One such lonely vessel haunted the Arctic for decades, before being lost to the endlessly churning icebergs. There are hundreds of similar stories, ships and crews lost to the enigmatic waters.
But ships are not the only vehicles that can become ghosts. One of the strangest stories of ghostly vehicles comes out of World War II.
Blimps were used for a variety of purposes during the war, from reconnaissance to anti-submarine patrols to protection from dive bombers. They were useful because they could hover in place for long time periods and could also fly for long distances without needing to refuel.
In 1942, one such blimp, an L-8, went on a patrol off the California coast, never to return. What happened to the blimp, and her crew, remains an enduring mystery to this day.
A foggy morning
The morning of Sunday, August 16, 1942 was a foggy one. When the Navy blimp was set to take off from Treasure Island, her crew was reduced from three to two, owing to the increased weight caused by the mist that had settled on the skin of the balloon.
So, Lt. Ernest DeWitt Cody, the pilot, and Ensign Charles E. Adams took off that day, while Aviation Machinist’s Mate Third Class James Riley Hill remained on the ground. The decision would save Hill’s life.
When the L-8 took off on its anti-submarine patrol, everything seemed normal. An hour and a half into the flight, Lt. Cody radioed back to base saying that they had seen a possible oil slick that warranted investigation. No further communications were heard from the doomed blimp.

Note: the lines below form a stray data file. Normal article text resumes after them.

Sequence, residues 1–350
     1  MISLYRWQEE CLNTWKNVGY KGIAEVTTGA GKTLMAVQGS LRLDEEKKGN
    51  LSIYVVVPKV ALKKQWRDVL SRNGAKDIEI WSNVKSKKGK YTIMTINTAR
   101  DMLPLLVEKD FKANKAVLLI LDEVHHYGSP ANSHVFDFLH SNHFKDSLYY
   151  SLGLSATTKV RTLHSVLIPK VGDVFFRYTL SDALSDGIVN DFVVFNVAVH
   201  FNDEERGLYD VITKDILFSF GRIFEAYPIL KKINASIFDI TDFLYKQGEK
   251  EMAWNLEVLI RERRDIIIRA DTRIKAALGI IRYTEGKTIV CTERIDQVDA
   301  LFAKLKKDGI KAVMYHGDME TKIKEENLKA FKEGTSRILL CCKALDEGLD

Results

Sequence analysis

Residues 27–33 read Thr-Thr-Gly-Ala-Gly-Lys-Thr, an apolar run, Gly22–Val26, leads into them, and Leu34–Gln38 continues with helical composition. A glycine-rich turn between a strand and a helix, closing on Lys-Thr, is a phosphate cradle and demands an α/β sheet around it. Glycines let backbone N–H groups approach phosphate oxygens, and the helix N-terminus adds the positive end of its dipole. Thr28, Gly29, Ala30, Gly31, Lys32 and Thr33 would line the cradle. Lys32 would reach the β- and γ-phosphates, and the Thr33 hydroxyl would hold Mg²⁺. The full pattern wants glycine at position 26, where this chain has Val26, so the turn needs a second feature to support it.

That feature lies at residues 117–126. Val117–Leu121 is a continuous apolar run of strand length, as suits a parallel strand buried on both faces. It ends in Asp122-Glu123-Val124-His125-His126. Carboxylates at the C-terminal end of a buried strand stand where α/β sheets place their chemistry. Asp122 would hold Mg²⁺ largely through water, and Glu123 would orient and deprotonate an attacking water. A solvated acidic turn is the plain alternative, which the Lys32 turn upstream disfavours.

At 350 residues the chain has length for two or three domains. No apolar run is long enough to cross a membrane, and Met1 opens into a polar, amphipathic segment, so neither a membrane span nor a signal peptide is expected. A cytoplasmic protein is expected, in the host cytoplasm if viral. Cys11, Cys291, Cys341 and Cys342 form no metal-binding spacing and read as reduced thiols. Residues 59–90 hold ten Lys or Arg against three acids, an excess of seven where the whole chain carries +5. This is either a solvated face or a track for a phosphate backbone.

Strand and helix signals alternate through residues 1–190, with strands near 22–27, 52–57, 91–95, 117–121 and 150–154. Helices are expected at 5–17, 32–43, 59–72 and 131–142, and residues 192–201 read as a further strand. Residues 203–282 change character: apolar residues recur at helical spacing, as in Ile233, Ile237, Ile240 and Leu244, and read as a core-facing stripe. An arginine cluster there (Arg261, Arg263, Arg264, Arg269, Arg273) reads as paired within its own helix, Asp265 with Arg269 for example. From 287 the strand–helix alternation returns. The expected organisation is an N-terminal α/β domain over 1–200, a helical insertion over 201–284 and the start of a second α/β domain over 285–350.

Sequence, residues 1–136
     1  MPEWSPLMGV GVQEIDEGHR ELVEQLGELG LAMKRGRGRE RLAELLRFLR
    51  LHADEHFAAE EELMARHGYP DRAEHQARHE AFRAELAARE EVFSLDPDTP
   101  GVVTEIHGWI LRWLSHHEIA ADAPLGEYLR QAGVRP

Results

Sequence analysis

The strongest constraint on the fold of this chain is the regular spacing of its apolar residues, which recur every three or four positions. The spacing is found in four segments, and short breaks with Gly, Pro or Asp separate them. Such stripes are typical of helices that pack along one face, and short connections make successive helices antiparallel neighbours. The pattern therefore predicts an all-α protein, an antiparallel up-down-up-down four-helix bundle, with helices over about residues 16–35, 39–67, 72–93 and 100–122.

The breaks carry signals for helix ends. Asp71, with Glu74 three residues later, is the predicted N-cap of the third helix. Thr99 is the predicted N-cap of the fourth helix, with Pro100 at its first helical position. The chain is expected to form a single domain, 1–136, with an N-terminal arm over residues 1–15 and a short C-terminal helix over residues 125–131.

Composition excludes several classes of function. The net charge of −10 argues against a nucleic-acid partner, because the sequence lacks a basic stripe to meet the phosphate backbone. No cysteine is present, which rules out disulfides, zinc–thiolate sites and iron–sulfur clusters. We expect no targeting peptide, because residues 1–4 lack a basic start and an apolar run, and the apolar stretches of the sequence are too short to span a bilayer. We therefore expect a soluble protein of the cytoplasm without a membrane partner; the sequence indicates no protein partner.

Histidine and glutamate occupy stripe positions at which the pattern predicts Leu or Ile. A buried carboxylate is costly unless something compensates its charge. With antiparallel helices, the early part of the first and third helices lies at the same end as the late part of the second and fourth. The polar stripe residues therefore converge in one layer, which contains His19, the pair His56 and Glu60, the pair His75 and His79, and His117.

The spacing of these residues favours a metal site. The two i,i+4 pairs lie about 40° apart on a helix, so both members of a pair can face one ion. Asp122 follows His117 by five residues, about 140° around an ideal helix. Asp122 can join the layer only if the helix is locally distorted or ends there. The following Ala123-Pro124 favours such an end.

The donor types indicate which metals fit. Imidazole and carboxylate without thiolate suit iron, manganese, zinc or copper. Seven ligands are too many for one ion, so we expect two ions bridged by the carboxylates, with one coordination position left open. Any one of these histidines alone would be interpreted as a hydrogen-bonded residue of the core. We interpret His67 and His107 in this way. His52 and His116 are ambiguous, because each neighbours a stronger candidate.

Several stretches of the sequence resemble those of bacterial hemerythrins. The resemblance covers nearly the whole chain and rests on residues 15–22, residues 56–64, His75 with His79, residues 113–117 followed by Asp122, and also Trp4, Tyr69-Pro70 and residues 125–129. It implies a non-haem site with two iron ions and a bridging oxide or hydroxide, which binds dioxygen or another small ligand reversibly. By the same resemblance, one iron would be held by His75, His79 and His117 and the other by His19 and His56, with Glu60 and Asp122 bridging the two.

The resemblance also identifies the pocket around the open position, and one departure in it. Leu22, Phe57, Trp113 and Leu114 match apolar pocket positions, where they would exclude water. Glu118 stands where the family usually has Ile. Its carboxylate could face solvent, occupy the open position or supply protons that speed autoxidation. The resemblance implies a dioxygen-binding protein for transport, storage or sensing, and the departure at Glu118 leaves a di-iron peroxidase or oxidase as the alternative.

At 11:15, witnesses saw the blimp floating in from the ocean, near San Francisco. The blimp drifted further to Daly City, where it was losing altitude.
It hit a bluff, and dropped a depth charge on a golf course. It hit roofs and a car before settling down on Bellevue Avenue. When rescuers rushed to assist the stricken crew, they found the cabin empty.
An enduring mystery
Investigators found that the life raft and parachutes were still in the cabin. The life jackets were missing. For some unknown reason, the pilot had set the motor to idle, and propped open the door.
The radio still worked, so there was a mystery as to why, if something went wrong, the pair didn’t call for help. Some believed that they were captured by an enemy submarine.
Others believed the crew got into some sort of fight and fell out of blimp. Still another story was that one member of the crew fell and accidentally pulled his would be rescuer down into the ocean.
Some have suggested that the two men were killed by a stowaway or abducted by a UFO or that they simply — somehow — fell out of the blimp.
There have even been “sightings,” including one by the mother of Lt. Cody, who claimed to have seen her son in Phoenix a year later with his eyes looking “peculiar, as though he were suffering from shock or a mental illness.”
But all these “suggestions” have remained just that — unproven suggestions.
In the end, despite the best efforts of navy and private investigators who have been examining the incident for the last 75 years, our knowledge of what happened to Cody and Adams remains the same as it was in 1942 when a navy spokesman admitted “Nothing the navy knows now has given a satisfactory explanation of what happened.”
After the war, it was returned to Goodyear, where it was put into storage before eventually being rebuilt in 1968 as one of the famous Goodyear Blimps, where it flew over Houston, Texas until it was retired in 1982.
The fate of the L-8’s crew remains a mystery, and probably always will.
Sources: Levy, Joan, “Daly City’s ‘Ghost Blimp’ remains mystery.” Archives.smdailyjournal.com. December 19, 2005. The Daily Journal. January 17, 2016; Price, Mark J. “’Ghost’ blimp mystery lingers.” Chron.com. August 18, 2002. The Chronicle. January 17, 2016